Social Challenges and Implications
Life without computers is unimaginable for most of us today – embedded proces-sors monitor the condition of high-risk patients around the clock, they control cen-tral heating in buildings, air conditioning in tunnels, and they safely guide air-planes between continents. The potential economic benefits of ubiquitous computing are certainly key factors for the further proliferation of information technology, such as novel indoor and outdoor positioning systems, ubiquitous communication platforms, and unobtrusive monitoring installations. This technol-ogy will form and shape the foundations of future ambient-intelligence land-scapes.
As more and more objects and environments are being equipped with ambient-
intelligence technology, the degree of our dependence on the correct, reliable functioning of the deployed devices and microcomputers including their software infrastructures is increasing accordingly. Today, in most cases, we are still able to decide for ourselves whether we want to use devices equipped with modern com-puter technology (e.g., by choosing manual control for our central heating, or by deciding not to carry a mobile phone if we dislike the constant accessibility its us-age implies). But in a largely computerized future, it might not be possible to es-cape from this sort of technologically induced dependence, which leads to a num-ber of fundamental social challenges for future ambient-intelligence systems. Privacy is just one of these challenges, though probably the most prominent one.
Social, Economic, and Ethical Implications 15
However, the more thoroughly “computerized” our environment becomes, the more basic attributes of the world we live in will subtly change, such as its reli-ability, accessibility, and transparency. In the following, we attempt to identify these concerns and try to address additional ethical and social implications of fu-ture ambient-intelligence landscapes.
The vision of ambient intelligence describes systems that work completely in the background, discreetly and unobtrusively helping us to carry out our tasks. Since our needs and circumstances can change over time, such systems must be able to adapt themselves dynamically to the current situation. In doing so, one crucial ba-sic requirement is reliability in the broadest sense of the word. In addition to en-suring dependability from a technological point of view, a complex and highly dynamic system must also remain manageable and controllable, and must retain the ability to predict (and, to a certain extent, verify) that the system is behaving correctly:
• Manageability. It is far from clear that implementing large-scale ambient-
intelligence scenarios involving potentially millions of smart, adaptive devices, is simply a question of scaling up existing toy examples. Will these services and applications still be able to meet their original requirements, even with a massive increase in the number of tiny interacting objects? And, above all, how will we be able to understand and control such a highly dynamic world involv-ing such large numbers of individual objects?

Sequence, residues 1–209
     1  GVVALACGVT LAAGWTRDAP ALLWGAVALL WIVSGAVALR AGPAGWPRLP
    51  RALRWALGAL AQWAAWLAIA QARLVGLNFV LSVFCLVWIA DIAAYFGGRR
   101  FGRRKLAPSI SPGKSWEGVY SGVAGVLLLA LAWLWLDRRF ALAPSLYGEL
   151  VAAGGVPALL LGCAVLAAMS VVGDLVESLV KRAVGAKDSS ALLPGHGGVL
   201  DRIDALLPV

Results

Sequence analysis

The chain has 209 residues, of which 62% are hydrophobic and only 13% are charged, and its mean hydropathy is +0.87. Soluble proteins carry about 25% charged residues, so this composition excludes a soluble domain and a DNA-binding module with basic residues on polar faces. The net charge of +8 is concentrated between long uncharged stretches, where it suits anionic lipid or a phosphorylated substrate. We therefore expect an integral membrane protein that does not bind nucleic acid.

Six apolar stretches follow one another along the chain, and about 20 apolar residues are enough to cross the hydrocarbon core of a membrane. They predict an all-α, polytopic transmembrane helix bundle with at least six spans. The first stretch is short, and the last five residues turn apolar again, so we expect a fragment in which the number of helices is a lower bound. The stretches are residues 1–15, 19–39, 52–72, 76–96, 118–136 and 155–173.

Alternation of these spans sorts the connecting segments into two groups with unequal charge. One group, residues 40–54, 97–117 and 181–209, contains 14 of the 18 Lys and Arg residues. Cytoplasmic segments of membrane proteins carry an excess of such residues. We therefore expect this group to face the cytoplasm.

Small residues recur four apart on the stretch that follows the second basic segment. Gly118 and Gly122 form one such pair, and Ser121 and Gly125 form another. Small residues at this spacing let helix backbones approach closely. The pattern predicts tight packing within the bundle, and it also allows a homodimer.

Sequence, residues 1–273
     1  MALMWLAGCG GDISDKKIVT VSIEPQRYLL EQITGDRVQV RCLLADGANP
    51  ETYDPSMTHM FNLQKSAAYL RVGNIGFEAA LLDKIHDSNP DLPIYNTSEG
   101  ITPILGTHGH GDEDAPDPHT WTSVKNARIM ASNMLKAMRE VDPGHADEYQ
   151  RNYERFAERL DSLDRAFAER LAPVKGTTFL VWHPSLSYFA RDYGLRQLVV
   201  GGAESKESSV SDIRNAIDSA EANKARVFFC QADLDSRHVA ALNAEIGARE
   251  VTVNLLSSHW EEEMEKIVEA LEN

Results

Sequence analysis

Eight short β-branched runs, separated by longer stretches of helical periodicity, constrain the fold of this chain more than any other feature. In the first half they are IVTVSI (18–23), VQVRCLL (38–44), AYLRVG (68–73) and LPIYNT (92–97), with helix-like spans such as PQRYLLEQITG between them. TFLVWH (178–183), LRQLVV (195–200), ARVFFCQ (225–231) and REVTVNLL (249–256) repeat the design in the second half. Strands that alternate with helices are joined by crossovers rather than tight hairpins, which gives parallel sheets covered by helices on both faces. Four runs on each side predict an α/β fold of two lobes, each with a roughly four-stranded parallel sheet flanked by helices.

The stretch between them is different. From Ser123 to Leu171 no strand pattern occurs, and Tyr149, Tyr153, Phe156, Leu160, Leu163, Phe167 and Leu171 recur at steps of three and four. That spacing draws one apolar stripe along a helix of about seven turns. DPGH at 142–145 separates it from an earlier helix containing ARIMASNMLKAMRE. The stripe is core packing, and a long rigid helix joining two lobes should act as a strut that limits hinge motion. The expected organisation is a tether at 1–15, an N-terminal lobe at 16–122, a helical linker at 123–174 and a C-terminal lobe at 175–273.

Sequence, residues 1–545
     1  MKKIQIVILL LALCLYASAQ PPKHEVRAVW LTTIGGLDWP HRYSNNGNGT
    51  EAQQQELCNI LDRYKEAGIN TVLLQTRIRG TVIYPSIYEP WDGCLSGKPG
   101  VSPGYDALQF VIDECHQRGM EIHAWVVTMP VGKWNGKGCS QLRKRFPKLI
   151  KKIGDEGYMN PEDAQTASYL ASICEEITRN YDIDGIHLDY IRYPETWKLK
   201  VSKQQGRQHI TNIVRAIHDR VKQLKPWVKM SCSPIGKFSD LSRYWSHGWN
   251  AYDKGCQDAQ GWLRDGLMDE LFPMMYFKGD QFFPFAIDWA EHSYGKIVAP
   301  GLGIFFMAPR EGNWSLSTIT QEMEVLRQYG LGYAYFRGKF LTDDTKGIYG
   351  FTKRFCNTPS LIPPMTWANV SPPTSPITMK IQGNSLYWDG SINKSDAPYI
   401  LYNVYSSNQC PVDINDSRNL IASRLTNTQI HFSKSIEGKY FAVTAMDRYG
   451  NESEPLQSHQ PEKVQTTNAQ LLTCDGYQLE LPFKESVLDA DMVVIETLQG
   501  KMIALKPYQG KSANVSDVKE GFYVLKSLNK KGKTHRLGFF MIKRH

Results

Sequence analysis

• Predictability. Today’s technical infrastructures, such as the phone system,
television, and electricity, are relatively easy to use, even for people with no special qualifications. This also entails the ability to detect malfunctions: for example, if you lift a telephone receiver and do not hear a dial tone, it is imme-diately evident that the phone (either the handset or the landline) is not working properly. However, this type of predictability of system behavior can no longer be taken for granted in an ambient-intelligence landscape, as systems are ex-pected to function without users noticing their presence. This will make fault detection and diagnosis fundamentally difficult, especially for the layman [ECP02]. Additionally, users might continue to rely on a failed service (e.g., an automated backup service or the self-diagnostics of a smart product) without noticing, thus increasing the damage done until the problem is finally discov-ered.
• Dependability. Incorporating computing and communication technology into
everyday artifacts requires ever-decreasing form factors and minimal energy consumption. This makes it difficult to use hardware redundancy in such sys-tems, even though their envisioned unobtrusive and ubiquitous use implies much harsher surroundings than, say, an everyday indoor environment. This calls for alternative concepts and mechanisms in order to overcome service in-terruptions and device failures, such as an explicit diversification of system
16 Social, Economic, and Ethical Implications